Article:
Every book has a story behind it. Or several. Because all books are born of an author’s life and experience and whatever path he or she walked for that book to be published. Sometimes those paths can be smooth, but often they are bumpy and full of ups and downs.
Last week, I got a box of brand new, beautiful books in the mail. They’re the advanced copies of my July Heartwarming book, Reunited with the Cowboy, and they are so pretty! And while my first instinct was to immediately post a photo of my books on social media, I didn’t. Instead I paused to reflect on what this box of books means to me.
It’s been two years since my last Harlequin book came out. Two years in which all I successfully wrote was a self-published novel and a novella. Staring in wide-eyed wonder at my new box of books, I remembered all the times, over these past two years, when I looked at other authors’ photos of their newly arrived books, and wondered if that would ever be me again. I was so jealous of those authors, and so quick to beat myself up because I wasn’t one of them. I imagined that their lives were perfect, their writing far superior to mine, their discipline far greater, because they had a new book out and I didn’t.
And maybe that’s all true, I don’t know. But the reality is, almost every writer encounters hardships and rejections and any number of difficulties. And looking at my new box of books, I was suddenly overcome with long-overdue compassion for myself. I remembered all of the setbacks and challenges that happened between my last book and this one.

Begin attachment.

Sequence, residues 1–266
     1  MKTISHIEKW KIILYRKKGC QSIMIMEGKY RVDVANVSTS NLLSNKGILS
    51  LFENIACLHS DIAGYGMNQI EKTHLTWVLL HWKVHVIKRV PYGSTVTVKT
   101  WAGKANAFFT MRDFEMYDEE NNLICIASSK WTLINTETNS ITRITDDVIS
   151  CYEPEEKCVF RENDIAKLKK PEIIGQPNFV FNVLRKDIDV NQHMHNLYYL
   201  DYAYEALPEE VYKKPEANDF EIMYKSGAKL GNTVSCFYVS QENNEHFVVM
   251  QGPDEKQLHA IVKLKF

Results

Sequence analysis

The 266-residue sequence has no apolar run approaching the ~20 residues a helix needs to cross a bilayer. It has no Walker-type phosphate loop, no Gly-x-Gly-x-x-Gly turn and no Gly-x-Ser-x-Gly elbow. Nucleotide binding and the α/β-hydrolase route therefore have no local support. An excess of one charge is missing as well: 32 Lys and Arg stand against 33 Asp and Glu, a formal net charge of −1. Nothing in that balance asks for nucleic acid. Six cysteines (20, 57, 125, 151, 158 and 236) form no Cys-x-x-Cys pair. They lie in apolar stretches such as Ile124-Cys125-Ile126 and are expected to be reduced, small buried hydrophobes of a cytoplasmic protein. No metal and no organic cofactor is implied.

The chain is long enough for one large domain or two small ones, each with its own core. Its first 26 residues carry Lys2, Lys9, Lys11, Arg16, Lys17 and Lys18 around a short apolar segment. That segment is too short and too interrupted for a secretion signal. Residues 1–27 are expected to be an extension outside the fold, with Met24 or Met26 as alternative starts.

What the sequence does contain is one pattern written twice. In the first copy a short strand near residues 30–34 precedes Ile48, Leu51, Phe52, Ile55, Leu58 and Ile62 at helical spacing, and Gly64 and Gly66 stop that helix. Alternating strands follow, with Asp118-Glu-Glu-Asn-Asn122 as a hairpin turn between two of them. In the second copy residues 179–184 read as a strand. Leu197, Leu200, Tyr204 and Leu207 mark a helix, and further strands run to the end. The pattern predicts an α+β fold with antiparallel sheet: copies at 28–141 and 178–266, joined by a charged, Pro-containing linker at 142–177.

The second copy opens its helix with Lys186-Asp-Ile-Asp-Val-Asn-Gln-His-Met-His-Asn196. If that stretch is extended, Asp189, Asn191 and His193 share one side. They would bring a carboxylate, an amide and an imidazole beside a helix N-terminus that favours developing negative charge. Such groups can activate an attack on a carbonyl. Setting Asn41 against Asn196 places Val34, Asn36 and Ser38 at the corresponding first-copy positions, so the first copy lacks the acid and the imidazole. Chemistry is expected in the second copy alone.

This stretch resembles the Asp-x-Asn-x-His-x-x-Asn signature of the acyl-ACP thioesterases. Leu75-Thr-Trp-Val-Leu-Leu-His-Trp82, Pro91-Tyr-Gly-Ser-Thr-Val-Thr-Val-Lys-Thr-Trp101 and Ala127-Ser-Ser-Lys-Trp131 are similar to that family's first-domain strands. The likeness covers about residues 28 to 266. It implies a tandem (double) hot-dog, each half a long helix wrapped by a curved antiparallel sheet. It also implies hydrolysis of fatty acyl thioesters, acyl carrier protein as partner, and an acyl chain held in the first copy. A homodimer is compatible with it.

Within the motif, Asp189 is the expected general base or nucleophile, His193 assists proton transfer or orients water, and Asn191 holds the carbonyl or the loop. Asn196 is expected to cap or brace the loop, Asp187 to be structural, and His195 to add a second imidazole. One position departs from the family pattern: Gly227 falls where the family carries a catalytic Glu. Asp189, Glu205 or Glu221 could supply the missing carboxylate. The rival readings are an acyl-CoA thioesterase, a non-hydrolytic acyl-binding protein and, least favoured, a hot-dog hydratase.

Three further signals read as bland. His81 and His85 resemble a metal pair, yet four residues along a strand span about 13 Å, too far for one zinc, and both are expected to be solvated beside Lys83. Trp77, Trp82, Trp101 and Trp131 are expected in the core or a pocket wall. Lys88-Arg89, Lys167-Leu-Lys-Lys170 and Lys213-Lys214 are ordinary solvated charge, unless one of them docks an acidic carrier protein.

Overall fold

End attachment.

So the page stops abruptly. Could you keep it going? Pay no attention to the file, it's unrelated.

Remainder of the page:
To keep a bunch of long stories short…
I was exhausted and my health wasn’t good. I decided to take a break from writing because my son was having a very hard time and needed his mama. I injured my hip badly and had a long, slow recovery. It took ages for me to write a proposal that my agent liked. That proposal sat at Harlequin for months and months. Superromance, the line I wrote for, closed. My amazing editor was laid off. I was really, really sad about that. My proposal disappeared somewhere into the Harlequin ether. Eventually my agent resubmitted the proposal and it sat for months and months again. Then it didn’t sell and I had to start over.
It’s not the happiest story, so why am I sharing it?
Because social media allows writers (and all of us) to present an illusion that our lives are perfect. That beautiful boxes of new books just magically appear. That we were somehow meant to be an author.
And during times when we are struggling, we see other peoples’ perfect-looking photos, and it can feel discouraging. Or like a dream we’ll never manage to attain.
But I’m here to remind you that most authors experience setbacks, doubt, struggle, rejection and heartache. Every author has probably felt frustrations, worries and fears just like yours. So please remember that if you’re trying to write, and it’s not going so well, just hang in there, keep writing, learn everything you can, and don’t let your fears and insecurities get the better of you.
This isn’t just about books. If you’re on your own rocky journey to meet a goal, keep going as best you can. We can keep pursuing our dreams even when times are hard. Even when those dreams feel impossible. It might take us longer than we’d like, but we’ll get there!